Speaker of the House? Pelosi the only choice
Nancy Pelosi cleared the first hurdle in her quest to become speaker of the House of Representatives when the Democratic Caucus voted overwhelmingly to nominate her for that position.
The final vote will not come until Jan. 3, when 218 members of Congress will have to vote for the new speaker. Pelosi will need 218 Democratic votes. This week, 32 Democrats voted no on her nomination.
So between now and 2019, Pelosi has some work to do. But the simple fact is, at the moment, there is no one in the Democratic caucus better for the job. And it’s not even close.
The primary role of a legislative leader has rarely been to serve as the “face” of the party. She is not running for president. It is instead the unglamorous and complex job of making some subset of 435 individual political entrepreneurs come together in the name of a political party.
Pelosi has already said that she’d give others the spotlight when it came to the public part of the job. In the past, she has not been a regular on TV news shows, including the prestigious Sunday shows. Since 2007, when she became speaker of the House, she has had a couple of chances to give the response to the president’s State of the Union address, one of the most coveted television spots in politics, but she took neither one. Those spots went to two men: Sen. Jim Webb of Virginia in 2007 and, in 2018, Rep. Joseph Kennedy III of Massachusetts.
Even her detractors say that she’s best at one of the most critical, if not most critical, roles of speaker, which is to court votes and count votes. Counting is a lot more complicated than conducting a survey. It involves understanding the political challenges of each and every member of Congress and then devising a legislative package that can pass. Sometimes this entails compromise; sometimes this entails structuring the vote so that a member can cast a vote against an amendment and sometimes this entails allowing a member to vote against their party – if it already has the votes to prevail.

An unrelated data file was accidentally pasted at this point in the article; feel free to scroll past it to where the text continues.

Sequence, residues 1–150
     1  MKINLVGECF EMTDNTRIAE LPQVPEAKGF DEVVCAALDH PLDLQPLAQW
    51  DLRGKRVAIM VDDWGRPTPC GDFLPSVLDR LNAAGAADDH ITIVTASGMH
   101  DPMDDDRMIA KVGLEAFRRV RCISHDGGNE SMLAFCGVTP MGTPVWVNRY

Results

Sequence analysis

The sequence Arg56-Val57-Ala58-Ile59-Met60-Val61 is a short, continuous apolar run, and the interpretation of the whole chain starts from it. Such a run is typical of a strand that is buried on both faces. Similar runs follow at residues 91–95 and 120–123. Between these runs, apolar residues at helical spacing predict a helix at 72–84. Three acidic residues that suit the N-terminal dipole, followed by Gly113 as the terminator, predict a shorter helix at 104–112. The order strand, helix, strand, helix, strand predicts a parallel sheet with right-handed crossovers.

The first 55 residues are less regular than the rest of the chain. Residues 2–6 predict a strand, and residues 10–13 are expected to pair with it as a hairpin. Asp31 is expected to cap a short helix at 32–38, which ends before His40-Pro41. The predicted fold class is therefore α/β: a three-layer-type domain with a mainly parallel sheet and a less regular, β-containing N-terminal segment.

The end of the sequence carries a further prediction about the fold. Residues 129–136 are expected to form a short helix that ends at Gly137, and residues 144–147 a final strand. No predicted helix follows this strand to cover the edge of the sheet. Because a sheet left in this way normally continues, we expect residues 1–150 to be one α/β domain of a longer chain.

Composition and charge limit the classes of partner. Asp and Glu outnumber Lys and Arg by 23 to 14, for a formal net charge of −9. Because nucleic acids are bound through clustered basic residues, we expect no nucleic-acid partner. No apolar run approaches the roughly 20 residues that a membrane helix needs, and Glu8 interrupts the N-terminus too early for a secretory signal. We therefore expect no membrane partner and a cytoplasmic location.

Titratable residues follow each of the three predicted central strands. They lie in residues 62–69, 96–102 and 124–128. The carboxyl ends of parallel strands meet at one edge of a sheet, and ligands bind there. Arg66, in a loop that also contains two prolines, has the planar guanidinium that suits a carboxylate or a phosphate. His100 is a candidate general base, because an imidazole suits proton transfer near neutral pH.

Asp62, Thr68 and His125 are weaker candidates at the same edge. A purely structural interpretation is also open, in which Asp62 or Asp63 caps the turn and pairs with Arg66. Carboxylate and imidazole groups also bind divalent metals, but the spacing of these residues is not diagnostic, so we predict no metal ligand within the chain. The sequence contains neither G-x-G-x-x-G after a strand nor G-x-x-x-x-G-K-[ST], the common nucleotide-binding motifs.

Pelosi has shown her toughness over and over. For instance, in 2005, she played a central role in the battle against privatizing Social Security. For the Affordable Care Act, she united both the left and right wings of her caucus. Later, as minority leader, she managed to keep the caucus together enough to prevent the Republican Congress from chipping away at Obamacare.
Finally, a speaker has to be able to win majorities. In the midterms, Pelosi and her leadership partner Steny Hoyer of Maryland were a very big part of the reason that the party gained 40 seats. Hoyer recruited and campaigned with candidates from the purple or red districts where Pelosi was viewed as too liberal. She helped raise the millions to make it all happen. They both imposed a stern message of discipline on their candidates, downplaying talk of impeachment and focusing Democrats on pocketbook issues like health care.
Pelosi will need to convince about 17 Democrats to vote with her. If I had to bet, we’ll be saying “Madam Speaker” for the second time in American history.